When the board of trustees of the Group Theater declared bankruptcy back in September 1998, the Seattle theater community raged and grieved, but no one denied there was a bright side to the story. In a town where finding a small theater available for rental at reasonable rates is all but impossible, the Group's demise left vacant a fully equipped, 199-seat theater space in the heart of Seattle Center. It seemed almost too good to be true.
And it was. At a late June meeting of the City Council's Culture, Arts and Parks Committee, Seattle Center officials submitted for approval a 25-year lease on the space to the Seattle Children's Museum, the Group's former neighbor on the first floor of the Center House.
Committee chair Nick Licata was on the point of gaveling the lease through without discussion when City Council member Sue Donaldson threw a well-aimed monkey-wrench into the Center's well-oiled machine. "Twenty-five years?" she queried; haven't we had enough bad experiences with long lease holders in the past, on city sites like golf courses? Is it smart to sign such a long lease to run a theater with an organization which, however worthy in its own field, has no track record in performing arts, she wondered? And why, she continued, did the lease include an option for the museum to cancel the lease with six months notice but no such escape hatch for the city should it find itself dissatisfied with its tenant?
Center spokesperson Pat Moroczek and Children's Museum director Cynthia Captain clearly had not anticipated any such questions, and their answers were sufficiently vague and defensive to move the committee unanimously to send the lease back for renegotiation. Given the difficulty of voting against anything to do with kids, odds are the committee will ultimately approve the bid, but only with a number of limitations designed to assure local theaters interested in using the space that they'll have a chance to before the year 2024.
The Children's Museum might today already have the wide-open lease they asked for with the community's blessing had they not decided in May to sublease the space for a minimum of six months to an out-of-town production, Triple Espresso, which despite its echt-Seattle title has already enjoyed long commercial runs in Chicago, Minneapolis, and San Diego. If Seattle had a surplus of small, affordable theater spaces, no one would mind a for-profit producer taking up long-term residence in one; given the actual space dearth, the Children's Museum sublet sent exactly the wrong signal.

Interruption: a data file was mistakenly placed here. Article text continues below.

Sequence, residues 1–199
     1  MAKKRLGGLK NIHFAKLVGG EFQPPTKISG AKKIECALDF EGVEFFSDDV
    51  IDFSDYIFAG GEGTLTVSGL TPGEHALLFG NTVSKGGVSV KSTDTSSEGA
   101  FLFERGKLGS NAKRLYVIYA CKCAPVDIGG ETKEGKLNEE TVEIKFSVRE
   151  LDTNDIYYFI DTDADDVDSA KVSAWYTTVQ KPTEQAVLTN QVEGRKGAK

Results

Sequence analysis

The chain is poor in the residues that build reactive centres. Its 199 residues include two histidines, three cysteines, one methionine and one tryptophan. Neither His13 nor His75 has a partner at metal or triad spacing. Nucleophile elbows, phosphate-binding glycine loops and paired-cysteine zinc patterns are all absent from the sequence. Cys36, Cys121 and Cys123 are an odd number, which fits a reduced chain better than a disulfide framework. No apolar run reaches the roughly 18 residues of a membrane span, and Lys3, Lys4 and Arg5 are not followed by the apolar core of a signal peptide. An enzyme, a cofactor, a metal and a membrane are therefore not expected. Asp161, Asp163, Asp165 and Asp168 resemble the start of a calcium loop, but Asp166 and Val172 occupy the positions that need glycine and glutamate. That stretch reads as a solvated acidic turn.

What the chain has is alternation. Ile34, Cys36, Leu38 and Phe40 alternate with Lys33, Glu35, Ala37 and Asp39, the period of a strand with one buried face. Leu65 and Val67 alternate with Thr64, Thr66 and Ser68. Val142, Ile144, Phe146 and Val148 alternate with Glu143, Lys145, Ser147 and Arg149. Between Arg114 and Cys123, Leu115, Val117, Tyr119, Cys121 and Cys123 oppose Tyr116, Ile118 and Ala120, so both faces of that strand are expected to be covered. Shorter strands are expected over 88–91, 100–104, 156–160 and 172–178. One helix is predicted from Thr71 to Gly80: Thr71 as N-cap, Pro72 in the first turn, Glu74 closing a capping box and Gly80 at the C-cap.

Museum director of education Susan Warner says that the Triple Espresso booking is strictly a one-off while the institution develops plans for the space. That doesn't satisfy local theater troupes: they want to know why the city should hand over prime theater space to a group with no defined plan for putting it to use. They also ask what the museum is likely to be able to do with a theater that Seattle Children's Theater, just a block away across the Seattle Center campus, couldn't do more professionally and efficiently.
Why does the Children's Museum have an inside track on the Group space in the first place? When the museum moved to the Center in 1985, its management was led to believe that as the institution grew it would gradually get the whole first floor of the Center House to itself. But when the multiculturally oriented Group was literally facing eviction by the University of Washington, the city threw out the Center life-preserver.
Under the circumstances, the museum had no difficulty securing a promise that it would get first crack at the space should the Group ever leave it.
Why did the Center propose to rent out the space at raw space rates? Due to the complex electrical and safety requirements required, theater space is notoriously expensive to build. The Group space is fully loaded and ready to run, and can produce revenue for the lessee as is: Why should it rent at empty space rates?
Answers may emerge as soon as this week. Licata's committee met again Wednesday, this time with its own proposal to the Center and the museum on the table. A five-year lease is proposed, with just one five-year option-to-renew, and that renewal dependent on a council review of how well the lease is serving the general public interest as well as the museum's.
About the only thing left unchanged from the original proposal is the clause allowing the museum to bail out of the deal, no questions asked, on six months notice. This time around the city is asking for the same right. At the June 23 hearing, museum director Captain said that such uncertainty would seriously compromise her ability to raise money. It would be ironic if a clause the museum threw in as insurance proves to be the deal-breaker.